Common Issues of the Salivary Glands


Salivary Glands pic

Salivary Glands

Dr. Frank Brettschneider serves as president of Port Huron Ear, Nose, and Throat, PC, and offers advanced otolaryngology and oro-facial plastic surgery solutions. Dr. Frank Brettschneider’s areas of focus include obstructive sleep apnea and conditions of the salivary glands.

Saliva has a number of essential functions, including facilitating the swallowing and digestion of food and protecting teeth from bacteria. Released from three major pairs of glands, saliva also secretes through hundreds of tiny glands within the mouth and throat.

Saliva drains into the mouth via ducts, and these are susceptible to blockage by sialoliths, or salivary stones. Formed by crystallized saliva deposit buildups, the stones can block the ducts, causing the saliva to get backed up and leading to swelling and pain that progressively worsens over time.

In cases where the salivary gland duct is blocked for an extended period, sialadenitis, or salivary gland infection, can occur. This results in a tender lump within the gland and drainage of bad-tasting pus in the mouth.

In cases of duct blockage and stones, usual treatments include applying warm compresses, removing stones manually, and eating sour candy as a way of increasing saliva flow. In more serious cases, surgery may be needed to eliminate blockage from specific glands.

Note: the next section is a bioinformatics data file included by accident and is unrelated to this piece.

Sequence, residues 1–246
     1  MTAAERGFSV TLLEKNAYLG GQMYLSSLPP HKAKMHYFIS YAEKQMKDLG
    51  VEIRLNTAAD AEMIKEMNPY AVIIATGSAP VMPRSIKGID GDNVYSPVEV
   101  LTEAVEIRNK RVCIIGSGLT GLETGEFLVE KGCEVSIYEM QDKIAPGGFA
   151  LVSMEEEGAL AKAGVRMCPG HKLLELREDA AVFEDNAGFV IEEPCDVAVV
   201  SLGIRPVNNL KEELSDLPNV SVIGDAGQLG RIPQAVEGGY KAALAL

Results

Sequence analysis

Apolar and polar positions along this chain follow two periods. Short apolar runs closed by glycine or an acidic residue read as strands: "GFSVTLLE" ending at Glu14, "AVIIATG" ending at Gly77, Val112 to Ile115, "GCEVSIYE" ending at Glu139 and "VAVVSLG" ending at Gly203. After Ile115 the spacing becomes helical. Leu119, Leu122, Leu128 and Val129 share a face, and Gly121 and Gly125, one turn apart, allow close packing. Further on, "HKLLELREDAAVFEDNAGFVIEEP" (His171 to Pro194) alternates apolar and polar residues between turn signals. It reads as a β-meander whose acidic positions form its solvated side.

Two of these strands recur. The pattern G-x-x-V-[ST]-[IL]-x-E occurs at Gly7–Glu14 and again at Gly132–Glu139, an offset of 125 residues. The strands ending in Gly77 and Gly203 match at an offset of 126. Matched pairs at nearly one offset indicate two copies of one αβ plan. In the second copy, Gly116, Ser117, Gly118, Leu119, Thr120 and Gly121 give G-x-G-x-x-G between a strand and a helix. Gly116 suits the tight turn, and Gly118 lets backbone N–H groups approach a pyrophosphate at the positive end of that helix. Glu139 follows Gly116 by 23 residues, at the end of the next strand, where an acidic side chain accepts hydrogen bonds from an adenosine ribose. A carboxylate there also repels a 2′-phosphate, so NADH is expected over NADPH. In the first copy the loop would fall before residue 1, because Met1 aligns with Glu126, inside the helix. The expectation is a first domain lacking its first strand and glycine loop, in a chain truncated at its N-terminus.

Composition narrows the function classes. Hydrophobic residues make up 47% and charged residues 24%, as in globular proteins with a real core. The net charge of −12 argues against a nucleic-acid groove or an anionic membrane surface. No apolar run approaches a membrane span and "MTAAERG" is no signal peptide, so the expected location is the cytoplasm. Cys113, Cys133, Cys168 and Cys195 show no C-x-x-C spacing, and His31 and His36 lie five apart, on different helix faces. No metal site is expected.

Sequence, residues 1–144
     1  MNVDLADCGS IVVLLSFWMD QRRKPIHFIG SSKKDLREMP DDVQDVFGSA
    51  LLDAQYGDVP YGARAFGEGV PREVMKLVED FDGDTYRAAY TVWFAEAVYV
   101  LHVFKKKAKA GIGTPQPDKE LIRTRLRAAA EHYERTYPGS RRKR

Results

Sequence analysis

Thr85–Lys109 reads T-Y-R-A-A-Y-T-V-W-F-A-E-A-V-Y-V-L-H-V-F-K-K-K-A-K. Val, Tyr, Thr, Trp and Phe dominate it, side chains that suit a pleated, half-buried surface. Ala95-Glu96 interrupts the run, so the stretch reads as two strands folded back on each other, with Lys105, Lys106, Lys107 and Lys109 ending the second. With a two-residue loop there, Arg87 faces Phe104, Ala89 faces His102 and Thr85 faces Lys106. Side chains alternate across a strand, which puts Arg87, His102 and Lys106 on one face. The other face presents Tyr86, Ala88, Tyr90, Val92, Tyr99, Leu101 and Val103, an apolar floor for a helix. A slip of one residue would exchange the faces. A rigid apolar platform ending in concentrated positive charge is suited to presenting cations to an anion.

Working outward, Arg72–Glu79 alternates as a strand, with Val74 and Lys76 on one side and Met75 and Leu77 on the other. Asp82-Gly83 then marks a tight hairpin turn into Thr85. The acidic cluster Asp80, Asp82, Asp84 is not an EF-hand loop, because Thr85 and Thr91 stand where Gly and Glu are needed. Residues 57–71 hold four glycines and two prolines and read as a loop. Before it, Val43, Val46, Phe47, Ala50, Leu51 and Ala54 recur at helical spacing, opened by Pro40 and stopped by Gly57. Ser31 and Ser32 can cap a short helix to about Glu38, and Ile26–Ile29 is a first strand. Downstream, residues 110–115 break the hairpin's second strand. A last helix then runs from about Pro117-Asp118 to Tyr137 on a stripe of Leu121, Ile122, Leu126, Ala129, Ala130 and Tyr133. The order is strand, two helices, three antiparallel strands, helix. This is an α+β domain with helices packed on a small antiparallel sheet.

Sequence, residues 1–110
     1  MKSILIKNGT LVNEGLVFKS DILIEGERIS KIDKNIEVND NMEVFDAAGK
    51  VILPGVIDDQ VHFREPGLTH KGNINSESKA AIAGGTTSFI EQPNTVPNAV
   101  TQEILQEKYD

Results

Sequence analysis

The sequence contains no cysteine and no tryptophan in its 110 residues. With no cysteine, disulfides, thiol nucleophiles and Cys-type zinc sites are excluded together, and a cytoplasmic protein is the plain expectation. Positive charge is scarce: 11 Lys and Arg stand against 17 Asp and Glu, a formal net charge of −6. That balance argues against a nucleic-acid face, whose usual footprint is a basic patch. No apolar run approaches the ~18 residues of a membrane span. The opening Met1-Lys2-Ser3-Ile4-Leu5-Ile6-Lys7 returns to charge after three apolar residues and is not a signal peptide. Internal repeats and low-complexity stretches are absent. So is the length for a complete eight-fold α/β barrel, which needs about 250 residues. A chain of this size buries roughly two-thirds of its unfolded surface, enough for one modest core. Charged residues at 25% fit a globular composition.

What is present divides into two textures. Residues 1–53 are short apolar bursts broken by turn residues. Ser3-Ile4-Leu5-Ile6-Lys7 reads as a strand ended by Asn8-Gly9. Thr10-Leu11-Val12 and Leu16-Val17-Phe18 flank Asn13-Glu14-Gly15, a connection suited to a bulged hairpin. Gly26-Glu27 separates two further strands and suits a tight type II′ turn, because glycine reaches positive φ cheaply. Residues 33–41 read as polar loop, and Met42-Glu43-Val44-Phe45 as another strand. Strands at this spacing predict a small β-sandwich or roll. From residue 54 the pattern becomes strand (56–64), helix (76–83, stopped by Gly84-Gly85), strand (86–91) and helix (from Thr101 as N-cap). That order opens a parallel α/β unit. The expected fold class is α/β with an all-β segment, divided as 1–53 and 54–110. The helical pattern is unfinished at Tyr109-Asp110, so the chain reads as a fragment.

Another common issue with salivary glands is viral infections, including flu and mumps, which cause swelling of the parotid glands on either side of the face. This results in the patient having a “chipmunk cheeks” appearance.

Causes and Effects of Salivary Gland Stones

An experienced otolaryngologist, Dr. Frank Brettschneider has treated many conditions of the salivary glands. Dr. Frank Brettschneider provides both medical and surgical therapies for salivary stones and related conditions.

The parotid, sublingual, and submandibular glands produce the saliva that people need to digest food and fight against tooth decay. However, a condition known as sialolithiasis can block these glands and interrupt the release of saliva. This occurs when salivary chemicals like calcium collect in the gland or duct and begin to form stones, which are not noticeable to the patient until they close off the duct and cause saliva to collect in the gland.

As the saliva pools in the gland, the patient may feel intermittent pain. If the condition remains untreated, it may cause the gland to become infected or inflamed. When this happens, the patient may feel a lump or taste the drainage of pus into the mouth. Saliva-stimulating treatments or gentle massage may help to pass the stone in less severe cases, though some patients may require surgical removal of the stone from the gland.